The binding agent serves to bind the porcelain prior to firing. Binding agents can be of the type which are commonly referred to as light cured or chemically cured. If chemically cured, the mixture of porcelain and binding agent will cure or set with the passage of time due to the chemical reactions therebetween. If light cured, the mixture of porcelain and binding agent will cure or set after exposure to light, white or ultraviolet. A chemically cured binding agent suitable for use in the present invention is a resin bis-GMA commercially available from Johnson and Johnson. A light cured binding agent suitable for use in the present invention is a resin bis-GMA commercially available from Caulk/Dentsply of Milford, Del. To form the ceramic core, the chemically cured binding agent is preferred. The binding agent must be suitable for use in a patient's mouth, non-toxic. Preferably, the binding agent should burn out cleanly and not leave an ash residue which would discolor the porcelain.
In general, the less binding agent in the mixture, the stronger the resulting cured porcelain structure. A ratio of about 2.5 to about 1.0 by weight porcelain to binding agent has been found to form a thick paste suitable for use in the present invention. Any ratio may be used which forms a workable consistency. It is, however, advantageous to use as little of the binding agent as possible since the presence of the binding agent may contribute to the degree of heat-shrinkage.
After the mixture 22 has been disposed in the cavity 10, excess binding agent is removed from the mixture 22 by blotting an external surface 24 of the mixture 22 in the cavity 10 with an absorbent material such as cotton. Excess resin will tend to soak into the cotton. The procedure of the present invention will work without this blotting step, except there will be more shrinkage of the porcelain, the porcelain will tend to be weaker and the resulting porcelain will be more opaque, less esthetically pleasing.
Once the mixture 20 is in the cavity 10 in the proper amount and configuration, the mixture 20 is permitted to cure. If a chemical cure is required by the selection of the binding agent, waiting the appropriate amount of time will serve to cure or set the mixture 22. For example, if the binding agent is the Hi Ceram Core Material about four minutes is required for the chemical cure to be effected in order for the mixture 22 to be stabilized and set so the mixture 22 substantially will retain its shape as formed in the cavity 10. If the choice of the binding agent requires a light cure, the mixture 22 is exposed to an appropriate light source for a sufficient amount of time to cure the mixture 22. The curing of the mixture 22 stabilizes the mixture 22 sufficiently such that the mixture 22 can be removed from the cavity 10 and still basically retain the shape formed in the cavity 10. As mentioned before, a chemically cured type of binding agent is preferred at the stage of the procedures for creating the ceramic core.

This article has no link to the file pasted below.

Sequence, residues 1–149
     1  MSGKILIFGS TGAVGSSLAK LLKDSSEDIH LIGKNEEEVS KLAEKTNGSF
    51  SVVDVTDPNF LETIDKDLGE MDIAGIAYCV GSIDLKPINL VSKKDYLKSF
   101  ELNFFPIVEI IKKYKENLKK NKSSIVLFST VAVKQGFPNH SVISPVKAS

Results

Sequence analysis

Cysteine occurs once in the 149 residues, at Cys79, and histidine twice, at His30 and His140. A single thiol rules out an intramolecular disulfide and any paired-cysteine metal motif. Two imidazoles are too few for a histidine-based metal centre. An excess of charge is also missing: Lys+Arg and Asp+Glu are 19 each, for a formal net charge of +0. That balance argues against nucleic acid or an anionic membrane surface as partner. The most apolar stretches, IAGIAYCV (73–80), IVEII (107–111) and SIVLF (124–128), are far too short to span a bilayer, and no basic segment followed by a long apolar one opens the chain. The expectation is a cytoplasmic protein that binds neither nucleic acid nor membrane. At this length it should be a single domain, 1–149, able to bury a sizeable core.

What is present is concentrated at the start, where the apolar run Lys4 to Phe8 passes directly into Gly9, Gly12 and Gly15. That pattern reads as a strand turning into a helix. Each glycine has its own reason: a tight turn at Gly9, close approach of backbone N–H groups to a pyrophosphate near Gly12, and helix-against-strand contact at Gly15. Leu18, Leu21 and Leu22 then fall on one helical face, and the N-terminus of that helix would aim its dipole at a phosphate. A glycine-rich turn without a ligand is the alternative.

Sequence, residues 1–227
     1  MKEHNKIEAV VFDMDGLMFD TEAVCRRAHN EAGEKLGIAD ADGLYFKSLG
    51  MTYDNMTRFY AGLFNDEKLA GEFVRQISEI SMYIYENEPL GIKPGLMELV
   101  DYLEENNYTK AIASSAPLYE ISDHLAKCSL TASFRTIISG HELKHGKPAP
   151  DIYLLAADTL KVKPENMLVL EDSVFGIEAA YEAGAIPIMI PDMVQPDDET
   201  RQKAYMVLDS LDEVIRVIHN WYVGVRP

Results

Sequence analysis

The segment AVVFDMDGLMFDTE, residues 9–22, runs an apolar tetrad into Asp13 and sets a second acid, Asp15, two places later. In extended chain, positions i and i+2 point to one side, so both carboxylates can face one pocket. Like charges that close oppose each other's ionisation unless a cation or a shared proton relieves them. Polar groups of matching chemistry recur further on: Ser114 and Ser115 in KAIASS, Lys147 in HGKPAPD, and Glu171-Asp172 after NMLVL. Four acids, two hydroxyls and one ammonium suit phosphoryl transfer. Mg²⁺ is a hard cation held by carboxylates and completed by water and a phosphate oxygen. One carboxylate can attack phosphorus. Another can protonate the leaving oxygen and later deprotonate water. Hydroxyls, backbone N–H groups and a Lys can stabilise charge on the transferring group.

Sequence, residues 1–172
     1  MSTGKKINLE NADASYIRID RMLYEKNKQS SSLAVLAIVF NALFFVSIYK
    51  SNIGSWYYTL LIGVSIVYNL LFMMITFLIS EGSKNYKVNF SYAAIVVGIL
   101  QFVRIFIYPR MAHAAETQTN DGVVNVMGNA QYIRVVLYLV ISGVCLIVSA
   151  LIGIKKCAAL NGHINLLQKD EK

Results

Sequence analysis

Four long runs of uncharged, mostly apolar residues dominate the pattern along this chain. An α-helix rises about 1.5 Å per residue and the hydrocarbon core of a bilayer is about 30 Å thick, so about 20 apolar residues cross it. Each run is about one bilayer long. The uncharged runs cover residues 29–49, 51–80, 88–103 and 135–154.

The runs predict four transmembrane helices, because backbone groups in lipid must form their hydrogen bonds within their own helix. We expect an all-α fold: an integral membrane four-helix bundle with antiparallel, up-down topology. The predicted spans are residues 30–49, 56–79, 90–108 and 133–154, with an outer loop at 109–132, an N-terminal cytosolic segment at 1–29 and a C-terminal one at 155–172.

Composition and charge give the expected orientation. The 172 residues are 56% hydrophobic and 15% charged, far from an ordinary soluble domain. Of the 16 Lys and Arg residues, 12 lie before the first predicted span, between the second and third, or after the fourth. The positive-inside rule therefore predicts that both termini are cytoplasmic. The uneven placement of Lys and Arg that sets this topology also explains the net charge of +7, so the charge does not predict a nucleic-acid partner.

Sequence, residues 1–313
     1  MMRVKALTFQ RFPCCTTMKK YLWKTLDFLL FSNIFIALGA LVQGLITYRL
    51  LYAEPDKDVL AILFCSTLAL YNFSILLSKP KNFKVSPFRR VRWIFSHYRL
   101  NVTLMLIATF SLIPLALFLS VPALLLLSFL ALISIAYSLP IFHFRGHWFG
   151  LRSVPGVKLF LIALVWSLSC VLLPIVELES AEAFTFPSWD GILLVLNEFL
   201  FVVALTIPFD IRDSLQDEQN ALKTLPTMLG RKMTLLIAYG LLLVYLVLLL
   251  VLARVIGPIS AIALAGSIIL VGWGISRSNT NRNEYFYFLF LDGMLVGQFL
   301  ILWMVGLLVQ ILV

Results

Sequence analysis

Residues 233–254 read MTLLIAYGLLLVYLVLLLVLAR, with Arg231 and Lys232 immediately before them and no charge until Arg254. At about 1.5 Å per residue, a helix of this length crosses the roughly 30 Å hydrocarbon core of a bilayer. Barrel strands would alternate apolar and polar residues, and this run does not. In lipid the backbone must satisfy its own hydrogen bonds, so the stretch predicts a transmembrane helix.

Before the mixture 22 is cured in the cavity 10, a framework 26 is disposed or inserted into the mixture 22. The framework 26 can be inserted into the cavity 10 before the mixture 22 is placed in the cavity 10. The framework 26 can be formed from any material that can withstand the high temperatures required to heat-fuse the porcelain and which will bind to the porcelain. The framework 26 preferably is made from a high fusing porcelain or metal which is bondable to the mixture 22, such as aluminum oxide or a nickel-chrome alloy, for example. The framework 26 must be constructed of a material which is resistant at temperatures at which porcelain is fused. By using the framework 26, less mixture 22 is used to fill the cavity 10 since a portion of the cavity 10 space is occupied by a portion of the framework 26 and thus less binding agent will be present. This will result in a decrease in the degree of heat shrinkage and increase in the strength of the resulting porcelain inlay.
As shown in FIGS. 2, 3, 4 and 5, the framework 26 has a handle 28 and a base 30. The base 30 is connected to one end of the handle 28, and the handle 28 extends a distance from the base 30. The base 30 is contoured roughly to the shape of the cavity 10.
In operation, the base 30 is disposed in the mixture 22 with a portion of the handle 28 extending a distance from the external surface 24 of the mixture 22.